The total solar output to space is 3.84 1024 watts, but only a tiny fraction hits the Earth. At the top of the atmosphere, energy is received with a flux, or power density of 13662 W/m2, a value known as the solar constant. About 7% is ultraviolet (wavelength 0.2-0.4 m), 41% visible light (0.4-0.7 m) and 51% near-infrared (0.7m).
Because the radiation hits the Earth at an angle, and not at all at night, the average global power density is 342 W/m2 at the top of the atmosphere. This is one quarter of 1366 W/m2, since the area of a sphere is four times the area of its circular shadow.
About 18% of the incoming energy is absorbed directly by ozone and water vapour. This almost entirely removes wavelengths shorter than 0.285 m while those longer than 0.295 m reach the ground. About 30% of incoming solar radiation is reflected directly back into space by the atmosphere, clouds, and the earth’s surface. The remaining 70% heats the surface (approximately 50% goes there) and atmosphere (approximately 20% goes there).
The earth’s surface absorbs 156 W/m2 from the sun (as a global average) and emits 55 W/m2 long-wave energy to the atmosphere. The atmosphere absorbs 84 W/m2 and emits 185 W/m2 as longwave radiation to space.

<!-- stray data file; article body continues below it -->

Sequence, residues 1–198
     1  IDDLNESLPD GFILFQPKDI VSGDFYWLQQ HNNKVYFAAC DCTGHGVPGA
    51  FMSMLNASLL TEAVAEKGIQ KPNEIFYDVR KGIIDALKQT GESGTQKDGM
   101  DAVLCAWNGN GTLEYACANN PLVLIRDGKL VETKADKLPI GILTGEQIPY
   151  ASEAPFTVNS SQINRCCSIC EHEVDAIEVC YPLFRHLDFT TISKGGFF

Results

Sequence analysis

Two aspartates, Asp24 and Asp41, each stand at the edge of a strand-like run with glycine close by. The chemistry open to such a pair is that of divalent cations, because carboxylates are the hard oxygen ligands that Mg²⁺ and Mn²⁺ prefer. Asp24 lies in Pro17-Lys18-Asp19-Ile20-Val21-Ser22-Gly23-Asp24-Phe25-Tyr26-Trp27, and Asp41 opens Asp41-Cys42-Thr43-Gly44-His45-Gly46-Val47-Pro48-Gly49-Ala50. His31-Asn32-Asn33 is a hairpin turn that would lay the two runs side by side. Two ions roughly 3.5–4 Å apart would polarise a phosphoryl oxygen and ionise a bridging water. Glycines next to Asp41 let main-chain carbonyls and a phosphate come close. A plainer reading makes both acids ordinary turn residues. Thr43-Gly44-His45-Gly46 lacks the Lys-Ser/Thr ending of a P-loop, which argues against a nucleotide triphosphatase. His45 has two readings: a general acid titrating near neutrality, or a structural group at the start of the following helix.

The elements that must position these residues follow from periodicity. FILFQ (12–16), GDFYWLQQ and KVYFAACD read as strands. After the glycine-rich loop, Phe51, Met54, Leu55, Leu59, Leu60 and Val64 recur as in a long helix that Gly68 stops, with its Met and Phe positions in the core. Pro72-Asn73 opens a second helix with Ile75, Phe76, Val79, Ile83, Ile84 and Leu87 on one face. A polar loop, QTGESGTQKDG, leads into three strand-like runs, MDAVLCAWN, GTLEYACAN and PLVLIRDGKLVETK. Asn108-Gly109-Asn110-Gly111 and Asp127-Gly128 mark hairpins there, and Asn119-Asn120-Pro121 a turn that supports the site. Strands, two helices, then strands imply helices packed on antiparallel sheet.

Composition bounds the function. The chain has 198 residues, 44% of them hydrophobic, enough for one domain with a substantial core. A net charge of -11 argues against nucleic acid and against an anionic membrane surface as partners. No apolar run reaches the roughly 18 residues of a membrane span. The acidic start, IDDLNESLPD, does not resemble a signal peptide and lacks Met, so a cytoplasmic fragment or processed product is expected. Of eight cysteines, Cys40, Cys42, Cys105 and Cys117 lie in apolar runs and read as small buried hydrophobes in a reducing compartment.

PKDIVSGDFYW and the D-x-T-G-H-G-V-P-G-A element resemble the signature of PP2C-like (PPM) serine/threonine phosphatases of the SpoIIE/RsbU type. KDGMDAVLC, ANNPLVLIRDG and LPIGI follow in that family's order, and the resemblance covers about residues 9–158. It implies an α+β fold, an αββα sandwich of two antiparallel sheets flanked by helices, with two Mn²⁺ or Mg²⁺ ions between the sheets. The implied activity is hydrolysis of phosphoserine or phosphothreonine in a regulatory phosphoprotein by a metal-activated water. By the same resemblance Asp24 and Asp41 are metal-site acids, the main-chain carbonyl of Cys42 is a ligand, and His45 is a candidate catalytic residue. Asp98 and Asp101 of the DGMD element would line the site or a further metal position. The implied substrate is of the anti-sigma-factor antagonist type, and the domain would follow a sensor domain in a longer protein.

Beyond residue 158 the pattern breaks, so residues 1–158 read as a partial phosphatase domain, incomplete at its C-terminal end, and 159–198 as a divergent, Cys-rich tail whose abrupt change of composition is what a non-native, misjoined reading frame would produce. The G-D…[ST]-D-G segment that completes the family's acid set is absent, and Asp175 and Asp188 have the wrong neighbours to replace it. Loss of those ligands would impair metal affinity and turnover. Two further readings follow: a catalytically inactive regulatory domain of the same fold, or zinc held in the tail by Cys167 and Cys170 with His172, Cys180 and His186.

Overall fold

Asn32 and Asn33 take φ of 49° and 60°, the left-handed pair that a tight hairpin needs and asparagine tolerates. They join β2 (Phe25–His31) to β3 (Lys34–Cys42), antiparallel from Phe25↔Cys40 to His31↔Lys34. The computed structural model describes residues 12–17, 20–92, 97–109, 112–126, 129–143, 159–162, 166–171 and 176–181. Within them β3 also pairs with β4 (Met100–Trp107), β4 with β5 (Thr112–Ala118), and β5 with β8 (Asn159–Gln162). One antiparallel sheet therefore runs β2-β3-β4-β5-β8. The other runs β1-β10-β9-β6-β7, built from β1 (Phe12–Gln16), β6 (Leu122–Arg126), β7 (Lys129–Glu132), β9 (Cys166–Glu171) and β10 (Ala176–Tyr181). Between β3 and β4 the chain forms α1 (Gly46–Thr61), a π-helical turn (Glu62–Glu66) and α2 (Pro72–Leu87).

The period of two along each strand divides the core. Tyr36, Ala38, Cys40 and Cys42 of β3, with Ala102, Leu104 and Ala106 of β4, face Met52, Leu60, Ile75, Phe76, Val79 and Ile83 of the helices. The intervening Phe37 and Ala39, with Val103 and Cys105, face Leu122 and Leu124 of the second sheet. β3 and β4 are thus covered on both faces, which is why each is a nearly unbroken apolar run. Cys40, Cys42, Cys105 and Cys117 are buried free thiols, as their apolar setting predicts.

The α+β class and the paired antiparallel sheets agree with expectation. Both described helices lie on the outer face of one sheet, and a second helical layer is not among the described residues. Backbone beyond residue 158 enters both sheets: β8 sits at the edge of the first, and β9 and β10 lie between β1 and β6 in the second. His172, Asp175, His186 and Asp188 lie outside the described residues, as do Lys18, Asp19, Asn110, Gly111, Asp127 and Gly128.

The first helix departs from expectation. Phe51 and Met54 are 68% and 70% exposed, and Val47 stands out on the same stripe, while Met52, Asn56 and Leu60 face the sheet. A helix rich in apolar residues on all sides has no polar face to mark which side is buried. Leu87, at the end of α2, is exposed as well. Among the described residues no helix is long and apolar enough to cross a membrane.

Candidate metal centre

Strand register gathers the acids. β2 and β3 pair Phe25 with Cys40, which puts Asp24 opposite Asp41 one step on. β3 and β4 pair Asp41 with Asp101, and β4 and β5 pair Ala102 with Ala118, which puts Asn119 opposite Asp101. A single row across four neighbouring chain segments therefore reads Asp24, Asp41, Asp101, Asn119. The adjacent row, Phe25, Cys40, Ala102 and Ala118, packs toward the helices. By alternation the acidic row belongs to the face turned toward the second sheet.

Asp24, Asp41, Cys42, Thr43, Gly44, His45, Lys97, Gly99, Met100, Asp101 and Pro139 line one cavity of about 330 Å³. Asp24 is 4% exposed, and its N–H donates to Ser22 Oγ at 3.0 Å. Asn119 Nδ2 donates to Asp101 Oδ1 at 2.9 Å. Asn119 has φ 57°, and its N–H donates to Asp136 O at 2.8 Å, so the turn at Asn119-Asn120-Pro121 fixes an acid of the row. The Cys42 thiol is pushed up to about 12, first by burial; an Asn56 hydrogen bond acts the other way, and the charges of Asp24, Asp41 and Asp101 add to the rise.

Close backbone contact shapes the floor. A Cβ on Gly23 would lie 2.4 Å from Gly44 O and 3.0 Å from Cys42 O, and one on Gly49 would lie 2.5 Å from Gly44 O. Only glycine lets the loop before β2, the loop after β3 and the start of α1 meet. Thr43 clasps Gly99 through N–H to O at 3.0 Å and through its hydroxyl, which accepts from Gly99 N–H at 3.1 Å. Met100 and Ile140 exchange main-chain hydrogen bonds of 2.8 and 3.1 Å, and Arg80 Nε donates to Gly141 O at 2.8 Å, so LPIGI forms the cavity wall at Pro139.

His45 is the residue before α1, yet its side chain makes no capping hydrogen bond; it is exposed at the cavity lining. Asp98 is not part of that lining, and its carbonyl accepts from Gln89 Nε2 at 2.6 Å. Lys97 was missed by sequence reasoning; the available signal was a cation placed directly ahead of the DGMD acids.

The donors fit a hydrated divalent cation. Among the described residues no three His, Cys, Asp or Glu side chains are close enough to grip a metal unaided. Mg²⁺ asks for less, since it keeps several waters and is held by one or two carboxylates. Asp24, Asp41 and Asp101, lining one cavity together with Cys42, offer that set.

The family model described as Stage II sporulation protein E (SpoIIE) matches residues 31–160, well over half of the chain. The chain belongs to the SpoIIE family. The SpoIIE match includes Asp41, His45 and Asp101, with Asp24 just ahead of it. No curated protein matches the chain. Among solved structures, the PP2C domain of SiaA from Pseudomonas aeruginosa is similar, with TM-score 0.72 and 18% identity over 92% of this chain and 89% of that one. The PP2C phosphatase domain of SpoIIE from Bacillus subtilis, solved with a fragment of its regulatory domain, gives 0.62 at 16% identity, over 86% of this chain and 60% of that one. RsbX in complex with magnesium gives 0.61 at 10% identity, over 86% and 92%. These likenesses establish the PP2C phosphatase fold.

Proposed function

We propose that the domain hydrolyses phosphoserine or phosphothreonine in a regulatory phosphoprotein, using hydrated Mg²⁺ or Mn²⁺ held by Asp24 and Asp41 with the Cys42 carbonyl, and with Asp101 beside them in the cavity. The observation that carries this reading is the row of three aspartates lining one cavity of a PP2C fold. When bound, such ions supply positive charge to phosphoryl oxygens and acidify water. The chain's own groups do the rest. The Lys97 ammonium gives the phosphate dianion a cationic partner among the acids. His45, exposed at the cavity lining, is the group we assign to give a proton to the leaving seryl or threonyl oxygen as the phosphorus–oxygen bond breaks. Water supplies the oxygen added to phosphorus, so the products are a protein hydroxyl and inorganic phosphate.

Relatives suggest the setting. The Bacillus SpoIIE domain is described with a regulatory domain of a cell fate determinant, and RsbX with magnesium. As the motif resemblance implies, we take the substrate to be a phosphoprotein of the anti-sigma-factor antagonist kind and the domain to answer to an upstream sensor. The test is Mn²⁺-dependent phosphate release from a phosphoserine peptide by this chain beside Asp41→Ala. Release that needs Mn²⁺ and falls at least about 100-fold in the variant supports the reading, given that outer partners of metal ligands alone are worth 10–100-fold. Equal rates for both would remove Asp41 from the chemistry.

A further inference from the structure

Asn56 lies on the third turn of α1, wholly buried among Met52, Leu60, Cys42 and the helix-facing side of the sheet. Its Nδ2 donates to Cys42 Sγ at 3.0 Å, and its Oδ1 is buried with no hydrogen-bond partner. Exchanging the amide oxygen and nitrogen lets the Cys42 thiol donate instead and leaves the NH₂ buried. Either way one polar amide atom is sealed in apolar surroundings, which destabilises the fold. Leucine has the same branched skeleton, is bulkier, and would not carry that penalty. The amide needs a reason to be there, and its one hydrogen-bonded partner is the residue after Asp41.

The above figures are from Barry and Chorley, 2003. The account in Kiehl and Trenberth’s 1997 paper is more complicated, but it can be partially summarized by this picture:
In particular, note that they list:
342 W/m2 (341 W/m2) average power hitting the Earth’s atmosphere.
198 W/m2 (184 W/m2) average power hitting the Earth’s surface.
168 W/m2 (161 W/m2) average power being absorbed by the Earth’s surface.
Bracketed figures are from the Trenberth et al 2009 paper.
R. G. Barry and R. J. Chorley, Atmosphere, Weather and Climate, Routledge, London, 2003.
J. T. Kiehl and Kevin E. Trenberth, Earth’s annual global mean energy budget, Bull. Amer. Meteor. Soc. 78 (1997), 197–208.
K. E. Trenberth, J. T. Fasullo, and J. Kiehl, Earth’s global energy budget, Bull. Amer. Meteor. Soc. 90 (2009), 311–323.
See also Insolation, which concentrates on calculating the daily average of power in the form of solar radiation hitting the top of the Earth’s atmosphere, as a function of latitude and time of year.
Also see Solar power for information on the amount of solar radiation available for solar power in various locations.